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Dublin: 6°C Tuesday 13 April 2021
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Karawaan catches the eye with Irish Lincolnshire win as 2019 flat racing season gets under way

Ger Lyons’ horse posted an impressive victory in Naas last Sunday.

Colin Keane on board Karayaan comes home to win at Naas last Sunday.
Colin Keane on board Karayaan comes home to win at Naas last Sunday.
Image: Peter Mooney/INPHO

THEY RACED ON the flat at Naas on Sunday.

It was the first time that they had raced on the flat on turf in Ireland in 2019. Aidan O’Brien had a winner and Ger Lyons had a winner and Jim Bolger had three winners. It was as if we had never been away.

Karawaan won the Tote Irish Lincolnshire. He put up a fine performance in so doing too. Well drawn in stall three, Ger Lyons’ horse was nicely settled by Colin Keane through the early staged of the race, in mid-division and along the inside.

He travelled well into the home straight and moved up nicely along the inside just behind the leaders. He needed a gap as they raced past the two-furlong marker as leader Warnaq was keeping on well in front, but when you are travelling as well as Karawaan was travelling, you can often engineer racing room for yourself.

Keane allowed his horse move off the rail, eased him through the gap between Warnaq and Trading Point as it narrowed – one and a half horse-widths wide and not much more – and asked him to pick up. When he did, the response was impressive, and Karawaan kept on well up the hill to post an impressive victory.

This was Karawaan’s first run for Ger Lyons. The Sea The Stars gelding was a promising horse for Sir Michael Stoute as a three-year-old but, gelded after his three-year-old season, he didn’t progress as expected in three runs last season at four.

Picked up for £32,000 by Gaelic Bloodstock at the Goffs UK Horses In Training Sale last August, he is a fine acquisition for owners David Spratt and Sean Jones and Lynne Lyons. He raced on Sunday in the David Spratt colours that Brendan Brackan carried to victory in the Irish Lincoln two years ago, except that winning rider Gary Carroll wore the green cap that day, not the yellow cap that was worn by his better-fancied stable companion Sea Wolf, who ran a fine race to finish third.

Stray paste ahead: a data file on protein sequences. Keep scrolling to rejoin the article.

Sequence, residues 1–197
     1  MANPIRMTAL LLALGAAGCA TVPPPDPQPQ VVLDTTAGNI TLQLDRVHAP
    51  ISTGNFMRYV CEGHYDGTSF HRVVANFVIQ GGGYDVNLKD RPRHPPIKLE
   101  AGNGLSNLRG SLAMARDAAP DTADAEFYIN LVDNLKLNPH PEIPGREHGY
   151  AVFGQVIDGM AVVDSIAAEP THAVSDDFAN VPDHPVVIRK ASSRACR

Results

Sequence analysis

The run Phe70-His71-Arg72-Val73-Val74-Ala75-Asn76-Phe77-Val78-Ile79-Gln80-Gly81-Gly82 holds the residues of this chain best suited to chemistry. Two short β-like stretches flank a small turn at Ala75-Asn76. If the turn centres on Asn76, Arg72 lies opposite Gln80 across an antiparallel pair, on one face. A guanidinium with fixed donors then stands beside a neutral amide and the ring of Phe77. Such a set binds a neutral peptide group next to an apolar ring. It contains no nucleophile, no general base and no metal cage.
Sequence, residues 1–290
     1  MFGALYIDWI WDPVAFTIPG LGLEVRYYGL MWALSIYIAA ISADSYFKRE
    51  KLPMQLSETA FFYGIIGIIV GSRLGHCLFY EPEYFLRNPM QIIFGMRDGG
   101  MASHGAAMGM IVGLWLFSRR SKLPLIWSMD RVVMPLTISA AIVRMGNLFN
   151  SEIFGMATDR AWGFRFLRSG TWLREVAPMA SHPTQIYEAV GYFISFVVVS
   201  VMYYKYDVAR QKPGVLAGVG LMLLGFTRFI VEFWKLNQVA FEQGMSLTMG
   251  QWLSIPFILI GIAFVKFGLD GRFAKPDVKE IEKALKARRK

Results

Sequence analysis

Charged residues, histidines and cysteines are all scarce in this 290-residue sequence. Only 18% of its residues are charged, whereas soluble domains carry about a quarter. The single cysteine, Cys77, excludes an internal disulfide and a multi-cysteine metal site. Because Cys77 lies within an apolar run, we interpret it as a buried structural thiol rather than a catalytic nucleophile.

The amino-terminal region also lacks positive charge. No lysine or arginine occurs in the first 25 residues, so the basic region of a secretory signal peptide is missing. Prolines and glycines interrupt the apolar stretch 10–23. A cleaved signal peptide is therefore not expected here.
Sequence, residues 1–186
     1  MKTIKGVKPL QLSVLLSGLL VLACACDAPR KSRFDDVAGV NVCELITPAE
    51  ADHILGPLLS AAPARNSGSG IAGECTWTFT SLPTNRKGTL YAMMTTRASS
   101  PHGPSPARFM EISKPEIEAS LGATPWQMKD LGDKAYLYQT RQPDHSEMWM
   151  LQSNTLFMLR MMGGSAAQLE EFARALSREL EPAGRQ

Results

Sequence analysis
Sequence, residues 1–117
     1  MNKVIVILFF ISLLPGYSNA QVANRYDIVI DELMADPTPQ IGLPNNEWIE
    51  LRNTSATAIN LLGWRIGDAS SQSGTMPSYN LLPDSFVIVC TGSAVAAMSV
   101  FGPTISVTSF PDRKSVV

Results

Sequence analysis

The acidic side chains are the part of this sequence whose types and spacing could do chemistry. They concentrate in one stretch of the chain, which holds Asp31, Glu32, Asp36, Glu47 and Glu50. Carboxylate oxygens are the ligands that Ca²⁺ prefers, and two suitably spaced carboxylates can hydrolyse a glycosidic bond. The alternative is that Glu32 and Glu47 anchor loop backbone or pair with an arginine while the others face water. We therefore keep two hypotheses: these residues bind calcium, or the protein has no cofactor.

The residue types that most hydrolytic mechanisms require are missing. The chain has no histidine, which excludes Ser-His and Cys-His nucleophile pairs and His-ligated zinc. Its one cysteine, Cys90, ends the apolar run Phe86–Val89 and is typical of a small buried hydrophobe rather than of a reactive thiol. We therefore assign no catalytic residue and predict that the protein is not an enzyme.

Interestingly, Sea Wolf won a big handicap at The Curragh on Irish Guineas weekend on his next run, while Brendan Brackan finished third behind Minding in the Group 2 Mooresbridge Stakes next time, before going to Leopardstown and winning the Listed Glencairn Stakes quite decisively. So there is precedent.

Karawaan has a little way to go if he is to prove himself at Listed race level. He was racing off a handicap rating of 83 on Sunday, whereas Brendan Brackan won his Irish Lincoln off a mark of 105. That said, the handicapper has already raised Karawaan’s handicap rating by 10lb to a mark of 93, and Ger Lyons’ horse has the scope to progress beyond that mark now. He goes on better ground too, and he stays further than a mile, so he has lots of options. It will be interesting to see how he goes as the season develops.

It will also be interesting to see how Still Standing goes as the season develops. Jessica Harrington’s colt was impressive in landing the Listed Devoy Stakes, keeping on well under newly-appointed stable jockey Shane Foley to come away from his rivals.

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The Mastercraftsman colt progressed nicely last season as a three-year-old, wining three of the four handicaps that he contested, and this was another nice step forward. He showed a really willing attitude to come clear of his field here, and that will be a big asset for him to take with him if he steps up in grade now. We haven’t got to the bottom of him yet, and he will be of interest wherever he goes next.

Normandel also showed a good willing attitude in landing the Group 3 Lodge Park Stud Park Express Stakes. Jim Bolger’s filly travelled well for Kevin Manning to the two-furlong pole and she picked up well to hit the front. She had to battle to get the better of Yulong Gold Fairy and she had enough in reserve to withstand the late lunge of the gallant Hand On Heart.

It was appropriate that Jim Bolger should train the winner of the Park Express Stakes, given that he trained the filly after whom the race is named to land the Nassau Stakes and the Irish Champion Stakes in 1986, and that he has trained some of her best progeny, including New Approach, winner of the Epsom Derby and the Dewhurst Stakes and the Irish Champion Stakes and the Champion Stakes. Normandel was the third leg of a 5,354/1 treble for Jim Bolger and Kevin Manning on the day.

The Aidan O’Brien-trained Never No More ran out an impressive winner of the Madrid Handicap under Donnacha O’Brien, and the Fozzy Stack-trained Wargrave made all to comfortably land the closing three-year-old maiden, while it looks like Michael O’Callaghan has a nice prospect on his hands in Red Epaulette, who was impressive in winning the opening juveniles’ maiden, the first turf flat race of the new season.

We’re off and running now.

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Donn McClean

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